The Mona Lisa in peanut butter and jelly. A portrait of Frankenstein’s monster made out of caviar. Francisco Goya’s Saturn Devouring His Son composed from piles of junk.
Vik Muniz’s art is whimsical and playful on the surface. As viewers look deeper at the contemporary artist’s work, however, they find what museum curator Kenneth Hartvigsen called “the sophistication behind the joke.” This includes social commentary and deep reflections on the human experience.
Visitors to the Brigham Young University Museum of Art (MOA) can experience that powerful combination of whimsy and sophistication for themselves through the exhibit “Vik Muniz: Extra-Ordinary.” The display opened June 18 and will be available until November 27.
About the Exhibit
Vik Muniz was born in São Paulo in 1961 and moved to the United States in 1983. His work has been featured worldwide in prestigious collections including the Art Institute of Chicago, The Metropolitan Museum of Art and The Victoria and Albert Museum in London.
“Extra-Ordinary” features more than 100 of Muniz’s works. Featured works include a high-tech series of sandcastle drawings carved into singular grains of sand, aerial photographs of large-scale bulldozer carvings he directed the formation of and intricate collages of famous cities.
This exhibit is unique for the Museum of Art in two ways: how well-known and prominent Muniz is in the contemporary sphere and how much of his work is accessible in a single display.
“To have a mid-career retrospective where people can see all the aspects of his career in one place, it does make it very special,” Hartvigsen said.
“The Sugar Children”
One prominent feature in the Muniz exhibit is “The Sugar Children,” a series of six portraits of Caribbean children made out of grains of sugar. Muniz created these portraits in 1996 after visiting with families on the island St. Kitts who eke out a living working on sugar cane plantations.
This breakout creation launched Muniz’s career, as his photographs of the portraits were chosen for the Museum of Modern Art’s 1997 “New Photography” roundup.
“Each portrait serves as a reminder that the sweetest things in life can have bitter origins,” Hartvigsen wrote in the portraits’ label. Hartvigsen pointed out the poignance of each title, which give greater personality and definition to the subjects: “Jacynthe Loves Orange Juice” and “Lil’ Calist Can’t Swim.”
“You start to see them as individuals,” Hartvigsen said. “You start to think of them not just as children in a difficult situation but as people you might know.”
Muniz’s work is intended to not only entertain viewers and wow them with his technical expertise but also to make them ask questions about the way they see the world. Hartvigsen said Muniz’s work prompts audiences to look more closely and learn more deeply.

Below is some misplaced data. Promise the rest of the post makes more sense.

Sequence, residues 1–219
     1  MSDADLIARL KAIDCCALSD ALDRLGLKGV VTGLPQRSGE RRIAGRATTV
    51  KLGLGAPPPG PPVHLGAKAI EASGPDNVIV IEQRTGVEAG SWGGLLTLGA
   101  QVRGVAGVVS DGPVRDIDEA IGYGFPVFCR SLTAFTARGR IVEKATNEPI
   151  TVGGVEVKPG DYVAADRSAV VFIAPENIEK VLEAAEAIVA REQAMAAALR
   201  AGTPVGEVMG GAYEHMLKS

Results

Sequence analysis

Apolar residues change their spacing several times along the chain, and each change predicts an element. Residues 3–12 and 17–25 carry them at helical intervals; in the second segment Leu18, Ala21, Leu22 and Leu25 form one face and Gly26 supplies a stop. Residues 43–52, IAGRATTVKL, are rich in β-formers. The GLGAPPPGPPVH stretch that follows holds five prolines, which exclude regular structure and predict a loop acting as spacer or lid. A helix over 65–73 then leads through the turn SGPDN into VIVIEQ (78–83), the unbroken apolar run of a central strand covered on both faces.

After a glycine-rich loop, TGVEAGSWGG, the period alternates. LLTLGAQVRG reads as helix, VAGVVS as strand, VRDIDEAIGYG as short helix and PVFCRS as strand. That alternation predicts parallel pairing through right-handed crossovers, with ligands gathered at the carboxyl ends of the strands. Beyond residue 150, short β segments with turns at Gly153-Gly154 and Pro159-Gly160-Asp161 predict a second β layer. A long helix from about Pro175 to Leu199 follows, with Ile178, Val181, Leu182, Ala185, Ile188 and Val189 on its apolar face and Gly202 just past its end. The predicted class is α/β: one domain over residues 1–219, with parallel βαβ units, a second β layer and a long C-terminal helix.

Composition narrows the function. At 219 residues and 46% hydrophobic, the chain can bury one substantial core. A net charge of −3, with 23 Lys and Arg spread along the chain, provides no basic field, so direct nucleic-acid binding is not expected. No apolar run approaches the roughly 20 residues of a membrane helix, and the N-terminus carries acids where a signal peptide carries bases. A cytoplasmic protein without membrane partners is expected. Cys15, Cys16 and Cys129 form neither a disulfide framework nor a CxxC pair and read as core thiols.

“I think that’s ultimately what his work is about: if you look once, do you see everything you’re supposed to see?” Hartvigsen said. “Do we see and feel and understand the world as deeply as we should? Or do we look at things once, make a decision or a judgment, and then move on?”
“Pictures of Garbage”
Muniz’s work finds the extraordinary in the ordinary, and his 2008 series “Pictures of Garbage” is no exception. For this seven-photograph collection, Muniz collaborated with Brazilian garbage pickers in Jardim Gramacho, a 321-acre landfill just outside Rio. Muniz employed impoverished trash pickers to help him create enormous works of art modeled out of refuse. The works took about a month each to create. The final products were sold as photographs to benefit the garbage pickers and help them gain a new lease on life.
The 2010 documentary “Waste Land,” directed by Lucy Walker, shows Muniz’s behind-the-scenes process creating the portraits. The documentary won the Audience Award for a World Cinema Documentary at the 2010 Sundance Film Festival, among other prizes at other distinguished film festivals.
“George Stinney, Jr.”
Muniz’s oversized collage “George Stinney, Jr.” shows a mugshot of the titular figure, the youngest person in the United States to be sentenced to death in the 20th century. Stinney was 14 years old when he was executed by electric chair in 1944 after being wrongly accused of murdering two little girls. Stinney’s case was reopened and he was posthumously exonerated in December 2014.
Hartvigsen described the visceral experience of seeing the artwork in person for the first time.
“It was a very profound experience to look at the mugshot and be very, very aware that this picture I was looking at was of a child,” Hartvigsen said.
The collage is made out of smaller images of people laughing and living their normal lives. It is part of Muniz’s “Album” series.
“The feeling I had was a reminder that we are all part of our successes and our failures as a human race,” Hartvigsen said. “I am still part of this story, just as all these faces and people make up this portrait of George Stinney, Jr.”
“Look Again, and Look More Closely”
Visitors to the museum so far have expressed high praise for the Muniz exhibit. Hartvigsen said he has enjoyed walking around the gallery and seeing how people interact with and learn from the pieces.
“I think that’s what Vik’s work does: It says, ‘Why don’t you look again, and look more closely, and see if you can learn more or feel more?’” Hartvigsen said. “You spend more time with it, and it continues to teach you. I hope the show engenders that kind of thoughtfulness that sometimes is lacking in modern society.”